This is why, person of peace though I am, I have always had a problem with the bumper sticker that reads “Visualize World Peace.” Sure. Happy to do it. Consider it visualized. But then what? No, it’s not good enough to get healthy in our own private sphere and just assume that our quantum of health will then rise and expand like leaven in the loaf. We need to take what health we have, we need to join hands with others who are in recovery from money madness, and then we need to turn it into a force more powerful: a nonviolent social force that can cast down the mighty from their thrones, as Mary’s Song in Luke’s gospel envisions so fervently.

We can get halfway to health on our own. But we can only become truly healthy in a healthier society. Which is why we must shame, expose, pursue, and harass the oppressors, those at the top who are intoxicated with their power and who really do imagine that they are better and more deserving than the rest of is. We must expose and pursue them nonviolently, it goes without saying. But expose and pursue them nonetheless.

Christians today celebrate Palm Sunday, a day when tradition holds that Jesus entered Jerusalem to the hosannas of the poor people while riding on a lowly donkey, not on the proud charger that an earthly emperor would be mounted upon. Jesus entered into Jerusalem in this way not to rule but to challenge those who held unjust rule. And his primary provocation—the thing that got him killed—was without question his symbolic action in the outer court of the Jerusalem temple: his direct challenge to the money lenders, his direct condemnation of the hateful oppressors who drove poor peasants into debt peonage and slavery by loaning money at extortionate rates of interest.

The payday lenders of the first century, you might say. Jesus knew how to hit them where they live. Naturally, he quoted Jeremiah’s famous line: “[God’s] house is to be a house of prayer for all people. But you have turned it into a den of thieves!”

Jesus died because his passion for the Reign of God, for God’s shalom, was so strong that it was not enough for him personally to become healthy and connected to the real. No, he did not consider it enough to be able, in one’s private life, to experience human communion and to experience pleasure in the goodness of God’s creation. Jesus understood that as long as the over-class retains the power to make everyday people anxious and afraid, his own healing could never be complete. So he went after the over-class in a dramatic way – and he died for his trouble.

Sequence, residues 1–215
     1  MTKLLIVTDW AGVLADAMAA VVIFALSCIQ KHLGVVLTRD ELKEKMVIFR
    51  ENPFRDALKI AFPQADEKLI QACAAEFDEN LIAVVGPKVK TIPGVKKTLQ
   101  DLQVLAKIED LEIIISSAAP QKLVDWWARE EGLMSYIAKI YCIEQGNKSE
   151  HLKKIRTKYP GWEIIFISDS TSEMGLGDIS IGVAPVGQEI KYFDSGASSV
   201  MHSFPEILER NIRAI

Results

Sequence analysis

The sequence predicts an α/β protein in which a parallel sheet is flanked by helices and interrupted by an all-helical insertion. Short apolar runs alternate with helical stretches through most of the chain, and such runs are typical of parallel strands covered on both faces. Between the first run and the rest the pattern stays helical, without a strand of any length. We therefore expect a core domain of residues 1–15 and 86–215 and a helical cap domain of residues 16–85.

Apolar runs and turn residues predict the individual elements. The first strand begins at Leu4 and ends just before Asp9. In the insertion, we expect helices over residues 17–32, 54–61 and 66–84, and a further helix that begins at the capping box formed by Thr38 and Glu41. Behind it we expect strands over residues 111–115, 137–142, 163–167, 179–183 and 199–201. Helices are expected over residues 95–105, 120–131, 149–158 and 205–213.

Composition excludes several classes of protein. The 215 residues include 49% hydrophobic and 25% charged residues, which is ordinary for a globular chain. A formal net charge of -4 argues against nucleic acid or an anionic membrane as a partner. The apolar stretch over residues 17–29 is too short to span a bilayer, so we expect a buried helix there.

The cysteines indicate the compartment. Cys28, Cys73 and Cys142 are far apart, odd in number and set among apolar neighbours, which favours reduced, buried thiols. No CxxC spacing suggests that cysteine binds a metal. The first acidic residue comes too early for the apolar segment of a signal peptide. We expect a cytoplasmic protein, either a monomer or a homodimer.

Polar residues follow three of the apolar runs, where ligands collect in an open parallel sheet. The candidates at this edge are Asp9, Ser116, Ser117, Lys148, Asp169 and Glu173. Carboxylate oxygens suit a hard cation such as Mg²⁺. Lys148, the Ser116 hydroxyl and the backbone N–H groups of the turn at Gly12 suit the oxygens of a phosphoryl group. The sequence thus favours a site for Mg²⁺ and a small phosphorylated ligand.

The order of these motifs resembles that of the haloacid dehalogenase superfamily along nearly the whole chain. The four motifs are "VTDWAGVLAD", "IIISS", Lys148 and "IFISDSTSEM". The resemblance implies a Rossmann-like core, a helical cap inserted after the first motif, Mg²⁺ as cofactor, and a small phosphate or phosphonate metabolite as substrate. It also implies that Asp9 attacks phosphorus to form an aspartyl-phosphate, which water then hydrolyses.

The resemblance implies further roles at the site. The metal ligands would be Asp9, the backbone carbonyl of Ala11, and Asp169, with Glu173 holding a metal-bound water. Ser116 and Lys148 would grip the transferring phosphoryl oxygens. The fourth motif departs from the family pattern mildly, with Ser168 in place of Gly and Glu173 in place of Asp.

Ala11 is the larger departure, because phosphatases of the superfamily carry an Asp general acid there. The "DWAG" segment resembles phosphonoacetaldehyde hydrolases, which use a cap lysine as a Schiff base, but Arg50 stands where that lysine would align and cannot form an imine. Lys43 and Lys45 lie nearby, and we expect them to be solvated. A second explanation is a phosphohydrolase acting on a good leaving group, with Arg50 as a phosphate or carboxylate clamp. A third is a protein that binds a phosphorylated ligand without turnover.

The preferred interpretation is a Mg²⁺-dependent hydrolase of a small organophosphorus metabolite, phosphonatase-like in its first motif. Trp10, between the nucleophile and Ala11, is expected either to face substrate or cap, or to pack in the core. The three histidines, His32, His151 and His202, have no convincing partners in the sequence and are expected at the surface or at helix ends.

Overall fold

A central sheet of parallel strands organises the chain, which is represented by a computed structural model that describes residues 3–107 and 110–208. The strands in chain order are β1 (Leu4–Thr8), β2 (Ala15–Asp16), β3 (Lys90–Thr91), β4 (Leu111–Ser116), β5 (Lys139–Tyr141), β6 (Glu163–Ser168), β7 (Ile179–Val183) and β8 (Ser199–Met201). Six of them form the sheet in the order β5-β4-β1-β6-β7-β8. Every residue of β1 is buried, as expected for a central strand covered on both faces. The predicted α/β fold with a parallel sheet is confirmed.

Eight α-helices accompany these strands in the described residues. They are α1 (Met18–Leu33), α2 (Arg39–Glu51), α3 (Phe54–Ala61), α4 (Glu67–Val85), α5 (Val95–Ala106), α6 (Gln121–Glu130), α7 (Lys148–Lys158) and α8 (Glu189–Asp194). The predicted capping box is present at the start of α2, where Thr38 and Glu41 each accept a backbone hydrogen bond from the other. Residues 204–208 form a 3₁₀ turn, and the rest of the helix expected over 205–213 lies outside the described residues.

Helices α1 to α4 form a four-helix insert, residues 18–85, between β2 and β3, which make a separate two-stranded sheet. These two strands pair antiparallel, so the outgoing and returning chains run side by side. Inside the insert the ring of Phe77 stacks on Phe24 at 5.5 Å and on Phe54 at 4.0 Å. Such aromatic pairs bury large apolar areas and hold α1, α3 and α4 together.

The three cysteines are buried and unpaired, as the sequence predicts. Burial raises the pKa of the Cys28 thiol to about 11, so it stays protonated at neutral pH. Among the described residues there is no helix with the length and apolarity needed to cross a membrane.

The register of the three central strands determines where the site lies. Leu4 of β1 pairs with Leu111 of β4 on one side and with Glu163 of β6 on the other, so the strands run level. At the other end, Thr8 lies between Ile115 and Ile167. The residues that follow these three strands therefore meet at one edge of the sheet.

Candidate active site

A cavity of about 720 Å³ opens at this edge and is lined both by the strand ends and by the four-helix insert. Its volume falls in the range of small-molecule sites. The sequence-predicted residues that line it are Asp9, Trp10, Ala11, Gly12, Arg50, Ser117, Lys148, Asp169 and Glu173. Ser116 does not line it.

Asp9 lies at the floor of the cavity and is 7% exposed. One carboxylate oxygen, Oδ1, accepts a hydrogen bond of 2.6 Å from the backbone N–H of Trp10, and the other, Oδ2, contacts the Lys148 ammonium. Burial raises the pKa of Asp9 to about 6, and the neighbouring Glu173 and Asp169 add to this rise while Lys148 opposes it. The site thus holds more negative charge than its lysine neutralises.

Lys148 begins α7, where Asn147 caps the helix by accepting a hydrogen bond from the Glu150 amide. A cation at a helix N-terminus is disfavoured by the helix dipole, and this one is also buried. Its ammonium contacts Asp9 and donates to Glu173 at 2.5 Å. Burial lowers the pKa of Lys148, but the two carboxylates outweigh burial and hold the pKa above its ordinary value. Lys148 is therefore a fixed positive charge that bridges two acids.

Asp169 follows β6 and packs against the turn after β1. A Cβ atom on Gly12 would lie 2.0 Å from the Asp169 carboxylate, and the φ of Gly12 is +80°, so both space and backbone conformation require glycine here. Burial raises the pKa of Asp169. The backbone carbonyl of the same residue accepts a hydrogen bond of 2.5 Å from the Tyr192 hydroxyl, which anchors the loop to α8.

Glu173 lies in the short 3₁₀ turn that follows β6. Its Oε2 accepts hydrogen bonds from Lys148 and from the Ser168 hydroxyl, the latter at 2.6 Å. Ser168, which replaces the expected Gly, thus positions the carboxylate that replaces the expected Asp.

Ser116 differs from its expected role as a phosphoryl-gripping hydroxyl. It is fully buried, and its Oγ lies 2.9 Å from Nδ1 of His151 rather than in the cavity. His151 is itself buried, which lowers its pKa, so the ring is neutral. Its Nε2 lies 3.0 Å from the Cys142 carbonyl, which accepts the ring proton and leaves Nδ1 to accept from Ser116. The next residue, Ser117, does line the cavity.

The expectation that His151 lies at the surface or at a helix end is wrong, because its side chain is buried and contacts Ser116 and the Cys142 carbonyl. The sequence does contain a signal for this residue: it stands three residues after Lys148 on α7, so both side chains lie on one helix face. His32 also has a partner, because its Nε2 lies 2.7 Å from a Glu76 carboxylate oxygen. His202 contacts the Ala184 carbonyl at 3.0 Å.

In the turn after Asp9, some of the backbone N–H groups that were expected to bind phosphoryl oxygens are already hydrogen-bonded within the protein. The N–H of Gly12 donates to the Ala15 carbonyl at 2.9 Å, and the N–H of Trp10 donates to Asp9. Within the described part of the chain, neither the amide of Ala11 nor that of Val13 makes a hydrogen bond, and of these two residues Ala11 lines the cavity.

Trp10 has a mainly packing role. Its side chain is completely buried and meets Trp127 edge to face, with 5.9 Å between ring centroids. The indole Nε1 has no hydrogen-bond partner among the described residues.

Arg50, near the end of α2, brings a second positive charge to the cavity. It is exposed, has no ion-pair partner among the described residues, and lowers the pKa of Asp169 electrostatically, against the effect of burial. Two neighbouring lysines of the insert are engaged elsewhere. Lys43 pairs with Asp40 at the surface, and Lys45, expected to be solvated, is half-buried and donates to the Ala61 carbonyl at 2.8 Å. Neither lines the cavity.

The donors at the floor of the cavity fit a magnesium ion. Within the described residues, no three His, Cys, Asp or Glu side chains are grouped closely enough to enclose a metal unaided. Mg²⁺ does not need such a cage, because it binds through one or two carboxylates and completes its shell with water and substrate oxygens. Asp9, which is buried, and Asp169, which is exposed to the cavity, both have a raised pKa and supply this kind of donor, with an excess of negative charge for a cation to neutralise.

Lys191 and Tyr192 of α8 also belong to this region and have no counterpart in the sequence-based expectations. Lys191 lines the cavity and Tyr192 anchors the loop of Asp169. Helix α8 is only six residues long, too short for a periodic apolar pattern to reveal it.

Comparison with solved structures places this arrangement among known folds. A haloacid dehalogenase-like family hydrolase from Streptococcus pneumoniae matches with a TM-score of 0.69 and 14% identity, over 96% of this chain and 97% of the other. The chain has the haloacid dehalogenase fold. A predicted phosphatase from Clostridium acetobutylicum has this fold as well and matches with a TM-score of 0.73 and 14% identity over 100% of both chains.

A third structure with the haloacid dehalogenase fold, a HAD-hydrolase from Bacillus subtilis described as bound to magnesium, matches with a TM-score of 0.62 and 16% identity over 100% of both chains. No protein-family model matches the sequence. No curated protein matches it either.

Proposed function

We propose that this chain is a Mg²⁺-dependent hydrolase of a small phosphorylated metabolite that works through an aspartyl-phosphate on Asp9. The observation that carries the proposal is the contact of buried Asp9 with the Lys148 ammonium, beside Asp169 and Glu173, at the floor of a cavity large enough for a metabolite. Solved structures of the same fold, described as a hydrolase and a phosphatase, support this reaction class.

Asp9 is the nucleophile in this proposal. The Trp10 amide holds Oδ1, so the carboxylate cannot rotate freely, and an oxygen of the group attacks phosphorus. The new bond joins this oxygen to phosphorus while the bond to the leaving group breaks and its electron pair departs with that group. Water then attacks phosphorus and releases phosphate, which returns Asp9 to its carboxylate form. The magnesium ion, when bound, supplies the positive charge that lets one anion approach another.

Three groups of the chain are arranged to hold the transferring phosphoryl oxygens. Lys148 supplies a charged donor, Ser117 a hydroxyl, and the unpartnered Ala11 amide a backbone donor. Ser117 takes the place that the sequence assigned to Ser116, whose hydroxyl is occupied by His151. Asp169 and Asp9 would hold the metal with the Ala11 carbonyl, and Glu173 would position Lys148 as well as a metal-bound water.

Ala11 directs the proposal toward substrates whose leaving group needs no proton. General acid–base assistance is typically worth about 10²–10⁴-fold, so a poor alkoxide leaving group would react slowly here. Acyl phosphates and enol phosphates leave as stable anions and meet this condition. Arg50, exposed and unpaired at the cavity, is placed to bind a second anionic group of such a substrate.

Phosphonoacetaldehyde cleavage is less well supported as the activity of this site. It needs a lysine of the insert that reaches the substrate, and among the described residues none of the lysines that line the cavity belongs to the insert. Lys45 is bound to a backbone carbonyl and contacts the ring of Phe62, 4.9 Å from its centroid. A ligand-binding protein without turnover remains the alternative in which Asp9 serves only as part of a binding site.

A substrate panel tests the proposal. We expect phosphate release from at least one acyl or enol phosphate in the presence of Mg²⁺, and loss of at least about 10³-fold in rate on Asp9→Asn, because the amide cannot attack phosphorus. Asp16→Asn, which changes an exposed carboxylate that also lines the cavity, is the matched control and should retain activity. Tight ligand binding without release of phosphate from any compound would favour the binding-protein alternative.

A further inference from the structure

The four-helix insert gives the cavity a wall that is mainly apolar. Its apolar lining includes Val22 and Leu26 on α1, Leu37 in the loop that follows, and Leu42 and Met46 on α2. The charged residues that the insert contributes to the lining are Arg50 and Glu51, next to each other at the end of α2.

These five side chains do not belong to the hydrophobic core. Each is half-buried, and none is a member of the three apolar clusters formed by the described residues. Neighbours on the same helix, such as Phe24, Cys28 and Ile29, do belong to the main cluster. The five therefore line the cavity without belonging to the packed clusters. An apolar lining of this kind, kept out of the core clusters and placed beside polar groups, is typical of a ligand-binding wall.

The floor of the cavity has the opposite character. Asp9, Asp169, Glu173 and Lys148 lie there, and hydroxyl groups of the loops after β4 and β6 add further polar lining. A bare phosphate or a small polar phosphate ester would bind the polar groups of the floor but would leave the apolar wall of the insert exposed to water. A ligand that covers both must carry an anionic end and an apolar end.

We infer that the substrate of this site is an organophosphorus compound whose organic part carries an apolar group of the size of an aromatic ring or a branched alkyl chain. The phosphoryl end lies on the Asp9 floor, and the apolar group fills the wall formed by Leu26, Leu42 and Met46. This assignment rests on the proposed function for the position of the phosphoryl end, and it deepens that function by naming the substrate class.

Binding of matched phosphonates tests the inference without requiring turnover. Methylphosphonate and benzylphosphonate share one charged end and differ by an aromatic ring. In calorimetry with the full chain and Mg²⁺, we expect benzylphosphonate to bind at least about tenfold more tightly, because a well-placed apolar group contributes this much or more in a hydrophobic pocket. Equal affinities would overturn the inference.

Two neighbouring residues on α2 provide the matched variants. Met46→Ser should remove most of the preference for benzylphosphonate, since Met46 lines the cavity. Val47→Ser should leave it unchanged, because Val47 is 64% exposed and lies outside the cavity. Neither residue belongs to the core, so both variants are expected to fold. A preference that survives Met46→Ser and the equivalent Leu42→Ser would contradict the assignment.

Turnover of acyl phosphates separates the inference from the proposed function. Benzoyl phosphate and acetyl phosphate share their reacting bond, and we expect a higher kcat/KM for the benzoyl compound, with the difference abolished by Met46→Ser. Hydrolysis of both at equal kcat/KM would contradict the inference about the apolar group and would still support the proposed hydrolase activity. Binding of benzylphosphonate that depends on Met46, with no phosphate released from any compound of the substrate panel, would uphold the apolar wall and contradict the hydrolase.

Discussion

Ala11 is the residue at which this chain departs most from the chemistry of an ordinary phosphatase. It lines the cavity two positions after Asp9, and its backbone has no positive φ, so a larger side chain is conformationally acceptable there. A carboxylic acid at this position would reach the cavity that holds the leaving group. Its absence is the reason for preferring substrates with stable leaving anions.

But the struggle continues, the love goes on. And it’s even possible to understand why so many people feel that the passion of Jesus, the passion of Sojourner Truth, the passion of Gandhi, and the passion of Dr. King, remain fully alive in this present day. It is an undying passion fueled by an undying hunger and thirst for God’s reign in which there will be pleasure not just for ourselves, who might have started to break away from the rat race if we are lucky, but for everyone still embedded in that misery who suffers every single day as a consequence.

St. Augustine taught that hope has two lovely daughters: courage and anger. My hope for us, my prayer for us, is that as we grow healthier in our personal lives we not stop there. My hope is that we gather the courage and the righteous indignation that we will need for the struggle—that we draw upon our growing health and clarity to fight the good nonviolent fight against concentrated wealth and power. We will do this not because we like fighting. No, we will do it so that others too may at last find health – and peace – and pleasure—in a world that was made for everyone’s enjoyment.

peter laarmanGod has been absurdly generous in making the world for pure delight, in taking delight in it, and in giving us a glimpse of what that is about: actually inviting us to live in such delight.

May we find inexpressible pleasure in merely being alive in this world and to this world.

And may we then insist that no person and no living thing be degraded or discarded or deprived of this same supreme pleasure.

Peter Laarman

Sunday, 24 March 2013

Published by the LA Progressive on March 24, 2013
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About Peter Laarman

Peter Laarman is executive director of Progressive Christians Uniting, a network of activist individuals and congregations headquartered in Los Angeles. He served as the senior minister of New York’s Judson Memorial Church from 1994 to 2004. Ordained in the United Church of Christ, Peter spent 15 years as a labor movement strategist and communications specialist prior to training for the